August 4, 2019

Brief synopsis of the readings: The author of the book of Ecclesiastes proclaims “Vanity of vanities.” He goes on ask why a man should achieve success when he must eventually leave it to someone who didn’t work for it. In Luke’s Gospel we find Jesus among a crowd when a man asked Jesus to compel his brother to share his inheritance. In response Jesus told a parable about a wealthy man who faced an interesting problem: his harvest was so big he didn’t have enough storage space. He decided to tear down his bins and build larger ones thereby ensuring prosperity for years to come. But he died that night and Jesus finished by saying this: “So it is when a man stores up treasure for himself in place of making himself rich in the sight of God.”

Between the time I post this and the time these readings are read, I will have done something central to a democracy: I will have answered a summons to jury duty. I find myself surrounded by well meaning friends, family members, and coworkers who eagerly give me strategies to avoid jury duty, but to tell the truth, I find serving in this capacity an honor. I live in a world where citizens and residents of many countries have no access to the justice system and would like nothing more than to participate in deciding guilt or innocence of their peers. Or, more to the point, they would like nothing more than living in a nation where only dictators determine justice.

Since our beginning as humans we’ve attempted to build structures and societies that ensure justice, but we’ve often argued over what “justice” means. Does it mean everyone has the same opportunity, or the same result? The question of justice, frankly, centers on what to do with those who don’t practice justice.

That’s the struggle of our first reading. Of all the books of the Bible I believe we understand Ecclesiates the least. And I blame the 1960s band The Byrds. The took a few lines from chapter three where the biblical author speaks of how there is a time for everything: the Byrds turned it into a folksong that lights up YouTube (look if you’re curious).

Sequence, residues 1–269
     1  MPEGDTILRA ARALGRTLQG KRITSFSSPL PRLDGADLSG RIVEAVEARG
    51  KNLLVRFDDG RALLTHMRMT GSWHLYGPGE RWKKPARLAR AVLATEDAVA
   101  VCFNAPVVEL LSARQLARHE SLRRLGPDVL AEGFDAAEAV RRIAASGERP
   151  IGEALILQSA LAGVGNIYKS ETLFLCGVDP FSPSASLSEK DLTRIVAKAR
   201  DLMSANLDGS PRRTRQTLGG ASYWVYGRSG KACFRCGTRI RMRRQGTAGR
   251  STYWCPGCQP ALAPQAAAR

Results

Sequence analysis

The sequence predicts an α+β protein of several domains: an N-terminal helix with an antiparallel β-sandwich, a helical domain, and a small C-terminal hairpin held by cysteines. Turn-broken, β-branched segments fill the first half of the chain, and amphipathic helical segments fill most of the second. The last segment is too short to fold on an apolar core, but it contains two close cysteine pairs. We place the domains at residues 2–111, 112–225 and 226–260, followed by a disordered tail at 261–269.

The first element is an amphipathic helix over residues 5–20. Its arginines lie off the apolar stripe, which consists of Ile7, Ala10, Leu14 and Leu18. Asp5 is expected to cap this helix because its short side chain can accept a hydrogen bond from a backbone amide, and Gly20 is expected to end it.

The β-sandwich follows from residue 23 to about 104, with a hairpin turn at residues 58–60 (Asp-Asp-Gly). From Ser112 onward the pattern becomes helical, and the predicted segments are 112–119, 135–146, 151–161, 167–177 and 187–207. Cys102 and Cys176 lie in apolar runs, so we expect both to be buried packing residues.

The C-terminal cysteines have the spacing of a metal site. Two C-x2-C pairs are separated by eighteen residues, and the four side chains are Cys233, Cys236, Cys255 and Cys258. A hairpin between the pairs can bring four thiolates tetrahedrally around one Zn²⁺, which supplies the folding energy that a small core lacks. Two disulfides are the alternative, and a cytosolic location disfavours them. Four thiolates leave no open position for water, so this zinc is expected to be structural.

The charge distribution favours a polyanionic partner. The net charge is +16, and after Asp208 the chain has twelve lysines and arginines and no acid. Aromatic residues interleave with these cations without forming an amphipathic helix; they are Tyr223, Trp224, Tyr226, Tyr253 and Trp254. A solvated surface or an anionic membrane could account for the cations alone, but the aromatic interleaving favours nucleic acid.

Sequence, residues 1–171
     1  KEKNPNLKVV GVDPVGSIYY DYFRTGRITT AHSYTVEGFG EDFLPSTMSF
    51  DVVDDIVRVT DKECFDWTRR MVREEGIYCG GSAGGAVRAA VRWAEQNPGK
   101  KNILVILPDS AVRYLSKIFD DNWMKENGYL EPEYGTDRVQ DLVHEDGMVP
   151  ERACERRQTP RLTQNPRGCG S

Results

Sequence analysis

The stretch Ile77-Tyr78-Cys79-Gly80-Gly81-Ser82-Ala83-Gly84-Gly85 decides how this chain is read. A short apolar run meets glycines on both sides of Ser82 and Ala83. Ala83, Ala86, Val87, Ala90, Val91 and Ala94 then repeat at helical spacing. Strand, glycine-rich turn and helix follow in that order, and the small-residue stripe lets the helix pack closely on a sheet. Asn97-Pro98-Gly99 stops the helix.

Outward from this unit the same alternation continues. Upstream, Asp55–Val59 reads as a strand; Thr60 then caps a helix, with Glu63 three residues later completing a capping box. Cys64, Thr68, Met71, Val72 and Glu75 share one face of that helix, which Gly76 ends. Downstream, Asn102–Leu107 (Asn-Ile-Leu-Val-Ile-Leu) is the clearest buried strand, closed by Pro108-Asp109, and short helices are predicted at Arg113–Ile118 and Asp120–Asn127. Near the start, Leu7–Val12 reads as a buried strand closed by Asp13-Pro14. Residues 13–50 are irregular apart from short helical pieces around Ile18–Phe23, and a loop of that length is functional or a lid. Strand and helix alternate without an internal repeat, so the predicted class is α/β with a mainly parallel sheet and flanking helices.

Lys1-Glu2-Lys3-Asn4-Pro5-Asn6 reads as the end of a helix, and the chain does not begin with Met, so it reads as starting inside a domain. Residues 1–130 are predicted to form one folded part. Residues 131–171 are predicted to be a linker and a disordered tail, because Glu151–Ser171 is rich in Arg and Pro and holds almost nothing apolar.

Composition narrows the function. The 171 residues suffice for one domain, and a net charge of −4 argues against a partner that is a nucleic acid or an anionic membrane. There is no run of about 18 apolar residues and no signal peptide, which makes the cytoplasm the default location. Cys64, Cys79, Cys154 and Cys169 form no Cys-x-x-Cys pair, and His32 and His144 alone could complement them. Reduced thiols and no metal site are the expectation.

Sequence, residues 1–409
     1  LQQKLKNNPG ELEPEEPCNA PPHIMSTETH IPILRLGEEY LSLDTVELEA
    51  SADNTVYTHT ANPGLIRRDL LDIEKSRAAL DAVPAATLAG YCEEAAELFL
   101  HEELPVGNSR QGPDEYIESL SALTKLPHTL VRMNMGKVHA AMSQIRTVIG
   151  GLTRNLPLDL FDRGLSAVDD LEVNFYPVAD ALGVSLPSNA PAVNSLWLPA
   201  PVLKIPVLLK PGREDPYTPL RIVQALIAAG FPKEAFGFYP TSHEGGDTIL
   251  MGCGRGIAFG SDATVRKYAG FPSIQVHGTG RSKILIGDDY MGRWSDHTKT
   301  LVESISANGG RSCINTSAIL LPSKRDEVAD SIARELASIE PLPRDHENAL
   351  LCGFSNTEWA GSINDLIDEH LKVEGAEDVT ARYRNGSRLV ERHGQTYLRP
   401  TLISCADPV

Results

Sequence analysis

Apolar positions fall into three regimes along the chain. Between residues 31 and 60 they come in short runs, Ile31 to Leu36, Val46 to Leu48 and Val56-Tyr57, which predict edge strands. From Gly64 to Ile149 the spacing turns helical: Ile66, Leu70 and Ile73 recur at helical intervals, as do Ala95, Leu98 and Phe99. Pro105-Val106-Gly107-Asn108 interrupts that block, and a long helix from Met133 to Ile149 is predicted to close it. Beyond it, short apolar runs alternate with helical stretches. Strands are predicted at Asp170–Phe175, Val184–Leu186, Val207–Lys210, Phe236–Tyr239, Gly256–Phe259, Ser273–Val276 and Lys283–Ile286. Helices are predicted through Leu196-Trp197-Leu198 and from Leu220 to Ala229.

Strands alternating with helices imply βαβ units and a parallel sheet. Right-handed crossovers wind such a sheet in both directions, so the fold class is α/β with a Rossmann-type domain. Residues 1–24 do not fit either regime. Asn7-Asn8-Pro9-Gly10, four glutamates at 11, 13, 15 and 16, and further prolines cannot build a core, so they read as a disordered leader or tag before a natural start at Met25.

But today’s reading begins at the beginning of the book where the author essentially states that, in the end, success won’t last, and so what’s the point?

Our idea of justice for as long as we can remember rests on this: if you do the right thing you’ll be rewarded, and if you don’t do the right thing you wont be rewarded.

That’s fine, except for the fact that it doesn’t work. In Luke’s Gospel we find a dispute between two brothers. Anyone who has executed a will can testify about how thankless a job this is. The person whose job demands that he or she fairly divide assets will eagerly tell you that the job does little more than make enemies and create resentments. And for wealth nobody earned.

In response, Jesus tells a parable that reminds us that justice over “stuff” misses the point. In today’s Gospel the person who desires safety for this excess learns to his horror that the safety of his stuff doesn’t matter as much as those who don’t have enough.

Three hundred years after this Gospel we read about St. Marcella of Rome. She had some wealth and lived during a difficult time when the Visigoths were attacking the vestiges of the Roman Empire. When asked when she kept her wealth she responded that she chose “to store her money in the stomachs of the poor rather than to keep it at her own disposal.”

I’m a fan of economics and much of the study of economics centers on the distribution of finite resources. Clearly the wealthy man looked on his surplus resources as a problem: “What am I to do? I have not enough room to store my crops.”

I would be curious to know what St. Marcella of Rome would say. If I had to guess she would have told him to store his excess with those who don’t have enough. On one level you can’t store your excess in the stomachs of the poor because they won’t stay there. But on a higher level we put our excess in the stomachs of the poor because it ensures that everyone will have enough.

I’ve spoken before about the need for justice, and we discuss this because we live in a world where justice isn’t a given. Instead, seemingly daily, we hear about those among us who believe all wealth is honestly earned and all poverty is self inflicted. I’ve spoke about this before but some fellow clergy subscribe to the Prosperity Gospel, the belief that wealth results from God’s blessing.

I often wonder how they respond to these readings; I suspect they ignore them. But they shouldn’t.

An online university here in the United States advertises themselves with the line: “Talent is evenly distributed. Opportunity is not.”

When Jesus told this parable he clearly wanted the man not to be consumed with his alleged inheritance as much as his relationship with his brother and that’s a timely reaction. Several years ago one of my patients died after a long illness. The next day his son and his daughter’s boyfriend got into a fistfight in the home over who should get the TV set. It got so bad the police were called. I like to think they later reconciled and recognized how little the TV was worth, but that’s more of a hope than suspicion.

And I believe that God determines talent and we determine opportunity. Yes, I believe some people don’t do well because they squander opportunities and we all know people who consistently choose laziness in the face of opportunity. But when we offer opportunities, we are not responsible for ensuring their success.

I often wonder who inherited the rich man’s grain.